All that’s left of most buildings are the foundations but, with the help of information boards, it’s easy to imagine what once stood in each location. Local girls looked forward to joining the servicemen for regular social gatherings at the Dance Hall.

The open air shower block was a necessity for good personal hygiene.

These hollows in the ground were once lined with bitumen, creating rudimentary bathtubs where the men could enjoy a relaxing soak.

One surviving war time building is located at the airport. Hangar 104, one of five hangars constructed by the Americans, was returned to the RAAF after the war. It’s now the Charleville base of the Royal Flying Doctor Service.

Another relic left still standing is this small concrete shed. During the war it was camouflaged with branches cut from the surrounding mulga trees so it couldn’t be detected by planes passing overhead.

What was inside that required such clandestine measures? I can’t tell you! It’s top secret and you’ll need to join a tag along tour to find out.

Or you could do some research online. Let me know if you find out.

While our travels are on hold, I’m joining in every day with Becky’s April Square Tops Challenge over at The Life of B. The rules are simple: photos must be square and fit the theme word “top”.

All or Nothing

Western Queensland Road Trip #18 St George

After seeing seeing little more than puddles in several outback rivers, the broad expanse of the Balonne River at St George was an unexpected surprise. Tall river gums lined the river banks and the almost cloudless sky above was reflected in the water flowing slowly towards the weir.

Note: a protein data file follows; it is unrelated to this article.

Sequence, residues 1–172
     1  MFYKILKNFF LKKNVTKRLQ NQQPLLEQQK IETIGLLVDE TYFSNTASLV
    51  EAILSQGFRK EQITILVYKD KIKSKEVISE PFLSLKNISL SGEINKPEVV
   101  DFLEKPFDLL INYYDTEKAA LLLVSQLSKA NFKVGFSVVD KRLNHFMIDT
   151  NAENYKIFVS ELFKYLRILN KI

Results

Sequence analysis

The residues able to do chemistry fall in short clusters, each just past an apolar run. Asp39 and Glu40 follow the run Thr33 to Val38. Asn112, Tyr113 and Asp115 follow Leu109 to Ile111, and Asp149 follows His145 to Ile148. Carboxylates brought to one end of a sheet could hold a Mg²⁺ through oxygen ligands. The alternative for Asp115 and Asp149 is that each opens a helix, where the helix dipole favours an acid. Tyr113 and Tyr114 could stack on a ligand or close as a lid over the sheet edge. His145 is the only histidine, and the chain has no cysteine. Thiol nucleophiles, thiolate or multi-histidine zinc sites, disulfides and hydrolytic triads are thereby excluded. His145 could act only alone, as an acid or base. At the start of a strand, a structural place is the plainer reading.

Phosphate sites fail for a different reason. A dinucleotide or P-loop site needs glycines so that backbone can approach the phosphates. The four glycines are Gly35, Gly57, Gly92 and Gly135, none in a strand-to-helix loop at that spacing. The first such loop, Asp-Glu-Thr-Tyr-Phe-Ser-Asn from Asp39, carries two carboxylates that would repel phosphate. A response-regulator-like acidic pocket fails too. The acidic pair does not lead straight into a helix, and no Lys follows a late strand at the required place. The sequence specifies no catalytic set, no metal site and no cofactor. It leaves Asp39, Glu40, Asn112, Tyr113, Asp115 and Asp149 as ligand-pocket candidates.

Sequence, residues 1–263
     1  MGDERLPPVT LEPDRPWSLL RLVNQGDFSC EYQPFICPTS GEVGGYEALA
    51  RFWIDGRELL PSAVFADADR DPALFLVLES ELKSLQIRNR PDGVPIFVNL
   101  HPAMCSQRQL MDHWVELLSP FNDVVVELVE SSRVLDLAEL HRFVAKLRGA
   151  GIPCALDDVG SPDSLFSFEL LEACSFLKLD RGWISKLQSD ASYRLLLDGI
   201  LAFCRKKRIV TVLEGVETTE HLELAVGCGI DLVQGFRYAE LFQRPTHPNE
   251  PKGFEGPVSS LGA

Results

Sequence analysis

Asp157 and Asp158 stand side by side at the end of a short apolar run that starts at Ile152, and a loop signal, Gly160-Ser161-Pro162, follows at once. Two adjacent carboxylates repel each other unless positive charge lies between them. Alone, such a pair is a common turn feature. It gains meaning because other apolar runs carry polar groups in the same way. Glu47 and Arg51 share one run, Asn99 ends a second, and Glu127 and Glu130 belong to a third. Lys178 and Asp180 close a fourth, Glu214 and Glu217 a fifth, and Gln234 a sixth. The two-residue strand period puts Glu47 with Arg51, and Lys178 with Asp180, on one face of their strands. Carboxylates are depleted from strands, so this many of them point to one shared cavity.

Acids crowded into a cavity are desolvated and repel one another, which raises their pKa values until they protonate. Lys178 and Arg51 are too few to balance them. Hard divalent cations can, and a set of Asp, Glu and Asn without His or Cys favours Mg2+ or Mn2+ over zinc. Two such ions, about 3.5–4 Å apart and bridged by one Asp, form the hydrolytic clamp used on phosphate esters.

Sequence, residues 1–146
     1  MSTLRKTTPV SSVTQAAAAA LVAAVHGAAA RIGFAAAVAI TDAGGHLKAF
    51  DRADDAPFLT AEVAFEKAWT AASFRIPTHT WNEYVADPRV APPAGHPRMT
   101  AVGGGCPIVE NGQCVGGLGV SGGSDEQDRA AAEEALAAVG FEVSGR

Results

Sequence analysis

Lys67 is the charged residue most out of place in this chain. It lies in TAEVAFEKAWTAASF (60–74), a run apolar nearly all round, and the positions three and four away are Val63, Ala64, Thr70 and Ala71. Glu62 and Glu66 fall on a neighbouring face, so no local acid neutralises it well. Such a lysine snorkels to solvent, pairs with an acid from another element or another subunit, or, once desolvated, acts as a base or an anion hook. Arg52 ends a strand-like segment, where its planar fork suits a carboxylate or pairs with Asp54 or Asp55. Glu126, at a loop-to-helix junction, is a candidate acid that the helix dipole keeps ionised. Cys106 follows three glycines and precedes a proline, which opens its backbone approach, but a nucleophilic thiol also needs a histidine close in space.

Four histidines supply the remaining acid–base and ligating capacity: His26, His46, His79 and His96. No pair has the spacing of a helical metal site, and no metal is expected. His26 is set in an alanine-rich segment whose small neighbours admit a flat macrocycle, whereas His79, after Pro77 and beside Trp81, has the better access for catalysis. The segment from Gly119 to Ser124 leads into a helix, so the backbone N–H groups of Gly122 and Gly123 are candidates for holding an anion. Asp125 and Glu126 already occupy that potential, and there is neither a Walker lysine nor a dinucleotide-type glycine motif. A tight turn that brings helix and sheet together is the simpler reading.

With the sun nearing the horizon we set off along the Riverbank Walkway, a two kilometre track on the town side of the river. As the shadows lengthened and the tree trunks glowed in the light of early evening, a little cruise boat carrying tourists passed by.

There were plenty of locals enjoying the river too, with cyclists, walkers and even two horseback riders on the track. We mentioned our surprise at the volume of water in the river to a lady walking her dog and she explained. “The dam wall upstream needs repairs so all the water has been let out of Lake Kajarabie into the river. It’s being held back by the weir, but the situation is very worrying. This is all the water we have. If it runs out, there is no more.”

Even before the sun had set over the water the moon rose into the clear night sky. We stayed until it was almost dark, taking in the beauty of the river and the bush.

The next day we drove out to Beardmore Dam to see for ourselves. That lady was right. The dam wall, which usually holds back up to 81 000 mega-litres of water, could clearly be seen and the lake was as dry as those rivers we’d seen elsewhere.